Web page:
Why mine closure matters and why it gets ignored: Trends in mine closure from the Progressive Mine Forum – by alisha Hiyate (Canadian Mining Journal – January 2018)

For the Mine Closure segment of the above video, go to the Five Hour mark.

http://www.canadianminingjournal.com/

If you want to clear a room of miners, there are few better ways than to raise the topic of mine closure. At least, that’s sort of what happened at the Progressive Mine Forum in Toronto in late October. The inaugural event, organized by The Northern Miner, was dedicated to discussing innovation in mining. After a day of roundtables discussing CSR, Big Data in exploration, and innovation in mine development, operations and finance, about half the audience got up and left when it came time for the final topic of the day – mine closure.

While mine closure may not be a sexy topic, it is an urgent one.

“It’s the single most important thing that our industry does,” said Douglas Morrison, president and CEO of the Centre for Excellence in Mining Innovation. “Nobody in the public could care less what our productivity levels are, what the return on investment is. They absolutely care what we do with our waste streams – waste water and solid waste. This is where our industry interacts with the public.”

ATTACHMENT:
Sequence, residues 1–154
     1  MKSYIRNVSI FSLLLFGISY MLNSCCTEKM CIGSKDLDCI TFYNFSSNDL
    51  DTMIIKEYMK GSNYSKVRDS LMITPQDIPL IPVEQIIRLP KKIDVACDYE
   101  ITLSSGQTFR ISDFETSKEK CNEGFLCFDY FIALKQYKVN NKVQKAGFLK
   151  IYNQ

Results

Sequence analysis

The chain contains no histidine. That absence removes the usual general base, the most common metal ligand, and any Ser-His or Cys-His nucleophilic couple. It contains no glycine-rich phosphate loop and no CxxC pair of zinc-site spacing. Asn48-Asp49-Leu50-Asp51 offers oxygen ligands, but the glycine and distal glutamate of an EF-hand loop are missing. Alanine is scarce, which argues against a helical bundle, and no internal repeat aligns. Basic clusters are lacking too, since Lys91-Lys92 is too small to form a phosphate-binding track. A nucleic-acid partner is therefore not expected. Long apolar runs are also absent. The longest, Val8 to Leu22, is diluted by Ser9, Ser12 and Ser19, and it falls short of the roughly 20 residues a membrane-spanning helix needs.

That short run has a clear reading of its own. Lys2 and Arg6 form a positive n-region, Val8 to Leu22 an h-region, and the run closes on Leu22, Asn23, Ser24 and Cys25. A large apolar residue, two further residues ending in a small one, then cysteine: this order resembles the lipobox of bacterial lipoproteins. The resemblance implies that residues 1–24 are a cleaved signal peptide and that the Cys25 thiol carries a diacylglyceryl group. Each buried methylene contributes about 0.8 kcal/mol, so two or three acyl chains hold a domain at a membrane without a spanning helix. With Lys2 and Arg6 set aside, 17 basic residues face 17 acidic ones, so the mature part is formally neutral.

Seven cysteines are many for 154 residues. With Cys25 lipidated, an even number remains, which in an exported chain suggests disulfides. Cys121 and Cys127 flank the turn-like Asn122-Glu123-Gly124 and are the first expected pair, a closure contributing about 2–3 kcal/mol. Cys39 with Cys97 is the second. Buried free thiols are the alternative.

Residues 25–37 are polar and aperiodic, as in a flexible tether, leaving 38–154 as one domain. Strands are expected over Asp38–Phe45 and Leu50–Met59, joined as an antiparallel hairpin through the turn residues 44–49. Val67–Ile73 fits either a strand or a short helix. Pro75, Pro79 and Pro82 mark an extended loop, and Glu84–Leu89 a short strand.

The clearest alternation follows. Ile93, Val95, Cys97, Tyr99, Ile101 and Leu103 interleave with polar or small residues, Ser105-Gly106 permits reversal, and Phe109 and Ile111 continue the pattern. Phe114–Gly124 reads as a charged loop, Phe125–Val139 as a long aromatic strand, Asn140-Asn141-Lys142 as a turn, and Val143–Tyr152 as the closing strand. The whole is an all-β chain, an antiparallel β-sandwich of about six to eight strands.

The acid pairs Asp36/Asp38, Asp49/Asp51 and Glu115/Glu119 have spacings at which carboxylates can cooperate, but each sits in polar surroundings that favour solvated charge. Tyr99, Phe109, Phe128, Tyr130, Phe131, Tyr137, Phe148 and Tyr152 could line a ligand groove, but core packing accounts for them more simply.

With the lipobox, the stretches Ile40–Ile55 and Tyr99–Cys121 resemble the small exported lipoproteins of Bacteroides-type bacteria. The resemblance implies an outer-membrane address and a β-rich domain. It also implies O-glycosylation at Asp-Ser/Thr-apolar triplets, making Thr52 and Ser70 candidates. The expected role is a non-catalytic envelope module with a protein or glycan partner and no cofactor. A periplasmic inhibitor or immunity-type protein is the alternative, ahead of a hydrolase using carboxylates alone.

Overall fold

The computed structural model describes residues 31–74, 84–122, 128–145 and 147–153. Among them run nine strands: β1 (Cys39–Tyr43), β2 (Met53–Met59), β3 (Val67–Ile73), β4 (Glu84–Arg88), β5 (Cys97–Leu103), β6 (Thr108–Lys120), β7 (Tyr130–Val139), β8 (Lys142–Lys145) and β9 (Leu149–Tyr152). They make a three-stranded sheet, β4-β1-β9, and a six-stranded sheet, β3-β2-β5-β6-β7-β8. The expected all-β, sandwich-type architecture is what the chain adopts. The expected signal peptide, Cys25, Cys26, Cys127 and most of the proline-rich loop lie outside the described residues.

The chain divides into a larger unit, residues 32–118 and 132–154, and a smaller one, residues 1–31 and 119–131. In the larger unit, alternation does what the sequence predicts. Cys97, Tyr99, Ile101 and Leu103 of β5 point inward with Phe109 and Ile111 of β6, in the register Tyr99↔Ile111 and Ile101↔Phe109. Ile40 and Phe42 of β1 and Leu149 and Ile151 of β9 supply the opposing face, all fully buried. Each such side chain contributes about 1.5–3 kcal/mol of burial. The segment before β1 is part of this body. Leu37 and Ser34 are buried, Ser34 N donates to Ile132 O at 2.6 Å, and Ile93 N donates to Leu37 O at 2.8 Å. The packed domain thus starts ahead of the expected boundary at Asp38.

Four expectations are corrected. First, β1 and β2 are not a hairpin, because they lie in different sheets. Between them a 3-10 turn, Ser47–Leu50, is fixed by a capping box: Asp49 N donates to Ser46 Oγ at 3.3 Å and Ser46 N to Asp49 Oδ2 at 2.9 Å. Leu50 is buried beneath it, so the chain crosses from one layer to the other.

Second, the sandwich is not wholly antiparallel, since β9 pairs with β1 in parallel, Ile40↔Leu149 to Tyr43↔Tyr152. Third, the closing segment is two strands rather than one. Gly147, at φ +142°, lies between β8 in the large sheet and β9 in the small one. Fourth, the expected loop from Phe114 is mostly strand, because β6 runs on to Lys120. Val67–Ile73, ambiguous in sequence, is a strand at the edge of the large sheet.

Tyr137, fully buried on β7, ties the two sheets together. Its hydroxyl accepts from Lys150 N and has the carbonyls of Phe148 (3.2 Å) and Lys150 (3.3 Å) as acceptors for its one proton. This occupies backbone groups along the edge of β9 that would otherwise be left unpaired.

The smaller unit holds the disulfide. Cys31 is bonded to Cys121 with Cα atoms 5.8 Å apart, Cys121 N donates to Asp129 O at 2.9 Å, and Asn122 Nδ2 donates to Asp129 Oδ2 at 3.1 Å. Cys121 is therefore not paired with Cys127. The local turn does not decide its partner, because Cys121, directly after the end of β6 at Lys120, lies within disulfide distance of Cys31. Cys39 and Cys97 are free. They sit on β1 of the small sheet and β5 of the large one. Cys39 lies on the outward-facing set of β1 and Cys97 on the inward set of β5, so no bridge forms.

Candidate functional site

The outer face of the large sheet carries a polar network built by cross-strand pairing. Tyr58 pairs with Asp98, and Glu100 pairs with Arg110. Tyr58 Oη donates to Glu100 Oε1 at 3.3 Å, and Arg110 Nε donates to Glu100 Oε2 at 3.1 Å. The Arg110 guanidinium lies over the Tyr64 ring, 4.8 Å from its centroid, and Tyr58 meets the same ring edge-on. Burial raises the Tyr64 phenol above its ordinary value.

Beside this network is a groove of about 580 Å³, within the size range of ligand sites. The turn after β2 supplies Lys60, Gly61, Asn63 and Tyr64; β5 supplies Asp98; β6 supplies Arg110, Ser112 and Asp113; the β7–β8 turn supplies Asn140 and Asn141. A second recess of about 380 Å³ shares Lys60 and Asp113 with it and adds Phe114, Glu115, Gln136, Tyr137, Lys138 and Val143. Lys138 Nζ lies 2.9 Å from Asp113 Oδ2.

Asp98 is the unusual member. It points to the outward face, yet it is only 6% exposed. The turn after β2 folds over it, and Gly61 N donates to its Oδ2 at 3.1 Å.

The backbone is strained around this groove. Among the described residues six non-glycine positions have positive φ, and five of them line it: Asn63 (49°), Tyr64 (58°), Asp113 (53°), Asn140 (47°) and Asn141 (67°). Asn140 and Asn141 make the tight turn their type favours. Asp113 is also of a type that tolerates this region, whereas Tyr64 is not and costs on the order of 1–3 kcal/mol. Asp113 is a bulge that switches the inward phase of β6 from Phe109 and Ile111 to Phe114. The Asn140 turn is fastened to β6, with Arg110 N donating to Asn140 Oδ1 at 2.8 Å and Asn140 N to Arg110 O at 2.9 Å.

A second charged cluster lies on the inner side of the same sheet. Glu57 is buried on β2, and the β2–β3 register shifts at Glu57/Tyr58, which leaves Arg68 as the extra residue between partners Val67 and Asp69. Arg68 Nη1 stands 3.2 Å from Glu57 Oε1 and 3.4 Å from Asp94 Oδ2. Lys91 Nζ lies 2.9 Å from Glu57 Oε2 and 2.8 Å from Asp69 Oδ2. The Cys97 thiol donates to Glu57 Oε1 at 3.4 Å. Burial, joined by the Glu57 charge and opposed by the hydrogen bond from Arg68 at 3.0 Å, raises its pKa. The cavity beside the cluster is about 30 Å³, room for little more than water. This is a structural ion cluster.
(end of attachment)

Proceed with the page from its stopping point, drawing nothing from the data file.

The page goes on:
In other words, if this is what the public is most interested in, mining companies should also be interested – if only out of self-preservation. How the industry deals with mine waste, mining among regular Canadians.

But this isn’t the only reason mine closure is so important. It’s a costly part of mining that far too many miners neglect.

“The reality is when you look at mine closure in the overall life cycle of a mine, it’s actually the longest phase of a mine,” said Steven Woolfenden, director of environment for Iamgold. “I’m managing some legacy sites that are 30, 40, 50 years old and there is no end to that management – it will be in perpetuity.”

The cost, Woolfenden added, is often underestimated.

“Most people really don’t pay much attention to it because when you do the costing on mine closure, it’s pushed so far out and discounted so much that it doesn’t really impact it. But when you get there, and you actually have a closed mine, it costs you a lot of money.”

For the rest of this article: http://www.canadianminingjournal.com/features/mine-closure-matters-gets-ignored/

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